4. Apparatus for applying solder to a substrate having upper and lower surfaces comprising an applicator located in a position to contactsaid upper surface of said substrate, means located below the applicator for providing a liquid bath of solder for contacting the lower surface of said substrate, the solid applicator having its portion which contacts the upper surface of the substrate movable upwardly from an initial position where it is at least proximate to and in vertical alignment with the liquid bath.

, 5. Apparatus according to claim 4 in which the applicator is a brush which has a plurality of bristles which contact said substrate.

6. Apparatus according to claim 5 having a heating device located and arranged to heat the bristles of the brush.

7. Apparatus according to claim 4 having a heating device located and arranged to heat the applicator.

8. Apparatus according to claim 7 in which the solid applicator has its said portion in contact with the liquid bath.

9. Solder applying apparatus comprising means for generating a curtain of molten solder which flows downwardly under the influence of gravity through a soldering station where an article may be located, a flexible guide which is substantially coextensive with the curtain and is capable of being wetted by deringdevice 6 due to its immersion therein and the principle of capillary attraction. in some situations, the bath of molten solder may be eliminated and the brushes or other applicators I i may be arranged either to coat a single side of a substrate or to coat both sides of a vertically moving substrate. A brush may i be used simply to unite two or more solderable members.

- a circuitboard through the coating station. Other variations of and modifications to this invention will naturally result from the development of this phase of the art. Accordingly, any

the solder located within the curtain and extending downwardly to the soldering station, said guide being located in the path of articles passing through said soldering station, and means for providing a bath of molten solder at the soldering station for applying solder to the lower surface of an article located at the soldering station.

10. Apparatus according to claim 9 in which the flexible guide comprises a plurality of bristles. 11. Apparatus according to claim 10 having means for heating the flexible guide.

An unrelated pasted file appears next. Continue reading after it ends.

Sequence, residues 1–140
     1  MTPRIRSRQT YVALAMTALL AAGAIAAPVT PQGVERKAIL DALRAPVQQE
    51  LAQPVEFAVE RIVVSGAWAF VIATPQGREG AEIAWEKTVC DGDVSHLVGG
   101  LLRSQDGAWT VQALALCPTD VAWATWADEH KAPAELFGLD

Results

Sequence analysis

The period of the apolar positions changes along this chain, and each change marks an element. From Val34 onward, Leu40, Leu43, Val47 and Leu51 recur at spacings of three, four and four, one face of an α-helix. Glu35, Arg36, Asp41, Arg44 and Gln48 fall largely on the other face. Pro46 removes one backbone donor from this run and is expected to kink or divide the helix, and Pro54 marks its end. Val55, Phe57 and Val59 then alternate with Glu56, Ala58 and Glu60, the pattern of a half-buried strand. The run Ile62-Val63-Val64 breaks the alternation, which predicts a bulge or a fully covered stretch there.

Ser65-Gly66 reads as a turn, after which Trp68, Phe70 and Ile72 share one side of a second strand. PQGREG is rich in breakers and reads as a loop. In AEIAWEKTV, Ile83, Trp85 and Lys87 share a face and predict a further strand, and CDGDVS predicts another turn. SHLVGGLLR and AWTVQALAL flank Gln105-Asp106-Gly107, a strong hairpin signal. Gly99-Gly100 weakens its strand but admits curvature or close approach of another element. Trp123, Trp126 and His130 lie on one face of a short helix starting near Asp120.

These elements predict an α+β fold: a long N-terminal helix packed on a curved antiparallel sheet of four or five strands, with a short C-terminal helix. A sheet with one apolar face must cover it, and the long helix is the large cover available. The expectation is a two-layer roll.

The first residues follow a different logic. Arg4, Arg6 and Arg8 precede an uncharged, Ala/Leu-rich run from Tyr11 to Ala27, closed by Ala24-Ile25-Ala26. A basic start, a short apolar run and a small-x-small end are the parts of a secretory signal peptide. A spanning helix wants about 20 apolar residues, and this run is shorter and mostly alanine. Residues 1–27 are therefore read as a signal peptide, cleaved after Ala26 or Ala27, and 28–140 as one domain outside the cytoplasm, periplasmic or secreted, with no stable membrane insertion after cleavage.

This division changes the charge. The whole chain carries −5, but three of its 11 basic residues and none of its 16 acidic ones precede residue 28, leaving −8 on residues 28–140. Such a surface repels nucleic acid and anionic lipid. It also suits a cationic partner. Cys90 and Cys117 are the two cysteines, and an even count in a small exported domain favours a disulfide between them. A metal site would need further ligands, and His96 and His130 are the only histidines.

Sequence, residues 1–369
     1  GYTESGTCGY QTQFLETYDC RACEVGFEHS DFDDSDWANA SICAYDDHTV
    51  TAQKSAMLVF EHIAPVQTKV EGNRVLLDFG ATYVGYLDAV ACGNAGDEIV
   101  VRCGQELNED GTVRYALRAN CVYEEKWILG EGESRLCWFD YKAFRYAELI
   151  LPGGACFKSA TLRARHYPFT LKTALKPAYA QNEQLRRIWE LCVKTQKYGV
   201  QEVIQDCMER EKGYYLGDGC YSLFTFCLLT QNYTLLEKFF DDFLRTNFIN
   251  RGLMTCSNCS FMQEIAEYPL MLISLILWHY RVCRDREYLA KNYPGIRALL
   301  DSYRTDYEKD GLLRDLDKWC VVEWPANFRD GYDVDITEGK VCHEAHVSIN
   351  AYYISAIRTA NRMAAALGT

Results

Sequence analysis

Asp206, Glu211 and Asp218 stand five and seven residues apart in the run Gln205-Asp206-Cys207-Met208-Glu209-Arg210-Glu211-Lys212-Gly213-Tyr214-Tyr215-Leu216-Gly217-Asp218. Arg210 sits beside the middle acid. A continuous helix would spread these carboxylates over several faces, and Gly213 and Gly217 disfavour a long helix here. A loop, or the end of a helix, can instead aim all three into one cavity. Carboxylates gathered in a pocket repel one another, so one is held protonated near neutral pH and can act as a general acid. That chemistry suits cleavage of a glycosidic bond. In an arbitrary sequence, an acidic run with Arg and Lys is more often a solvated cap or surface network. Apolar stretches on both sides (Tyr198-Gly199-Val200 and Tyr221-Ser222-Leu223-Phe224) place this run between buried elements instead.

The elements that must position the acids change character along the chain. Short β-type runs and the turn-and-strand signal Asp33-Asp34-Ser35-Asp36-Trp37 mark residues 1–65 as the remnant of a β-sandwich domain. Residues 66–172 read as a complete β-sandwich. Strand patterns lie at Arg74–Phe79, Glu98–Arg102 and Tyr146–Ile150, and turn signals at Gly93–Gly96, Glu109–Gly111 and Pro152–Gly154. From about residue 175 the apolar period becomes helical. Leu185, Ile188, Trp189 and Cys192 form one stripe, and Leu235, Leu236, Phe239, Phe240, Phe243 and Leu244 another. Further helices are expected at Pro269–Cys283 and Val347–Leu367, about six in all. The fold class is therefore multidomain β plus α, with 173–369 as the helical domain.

12. Apparatus according to claim 9 having means for heating the flexible guide. a

Patent Citations
Cited PatentFiling datePublication dateApplicantTitle
US1238671 *May 2, 1917Aug 28, 1917Lafayette HolcombElectrically-heated soldering-tool.
US2371170 *Aug 12, 1942Mar 13, 1945ConCan soldering mechanism
US2771852 *Nov 1, 1955Nov 27, 1956Rca CorpSoldering machine
US2918028 *Dec 31, 1954Dec 22, 1959Rca CorpApparatus for soldering printed circuits
US3006318 *Mar 26, 1958Oct 31, 1961Western Electric CoApparatus for applying solder coatings to surfaces
US3029766 *May 2, 1956Apr 17, 1962Aeroprojects IncUltrasonic tool
US3053215 *Dec 3, 1956Sep 11, 1962Rca CorpApparatus for soldering printed sheets
US3216642 *Mar 22, 1962Nov 9, 1965Verter Walton G DeWave-type solder fountain
Referenced by
Citing PatentFiling datePublication dateApplicantTitle
US3802383 *Jun 28, 1972Apr 9, 1974C KluttzBoard edge coating apparatus
US4234626 *Feb 1, 1978Nov 18, 1980E. I. Du Pont De Nemours And CompanyProducing printed circuits by conjoining metal powder images
US4384015 *Sep 4, 1981May 17, 1983Agfa-Gevaert AgProcess and an apparatus for simultaneously coating several layers to moving objects, particularly webs
US4562337 *May 30, 1984Dec 31, 1985Eldon Industries, Inc.Solder pot
US4720396 *Jun 25, 1986Jan 19, 1988Fairchild Semiconductor CorporationSolder finishing integrated circuit package leads
US4796796 *Mar 31, 1987Jan 10, 1989U.S. Philips Corp.Soldering apparatus
US20070003703 *Mar 7, 2005Jan 4, 2007Seng Jocelyn MMethod and apparatus for applying liquid compositions to fiber webs
DE19953670A1 *Nov 8, 1999May 23, 2001Euromat GmbhLotlegierung
EP0013359A1 *Dec 10, 1979Jul 23, 1980Gebr. Schmid GmbH & Co.Device for applying a layer of solder to a printed circuit
EP0329807A1 *Feb 25, 1988Aug 30, 1989Gebr. Schmid GmbH & Co.Circuit for processing electrical printed-circuit boards
U.S. Classification118/206, 427/210, 228/37, 118/410, 118/DIG.400, 219/421, 427/399, 427/97.3, 228/35
International ClassificationB23K3/06, H05K3/34
Cooperative ClassificationH05K2203/0257, B23K3/0653, B23K2201/42, Y10S118/04, H05K2203/1572, B23K3/0692, H05K3/3468
European ClassificationB23K3/06D8, B23K3/06D2, H05K3/34F2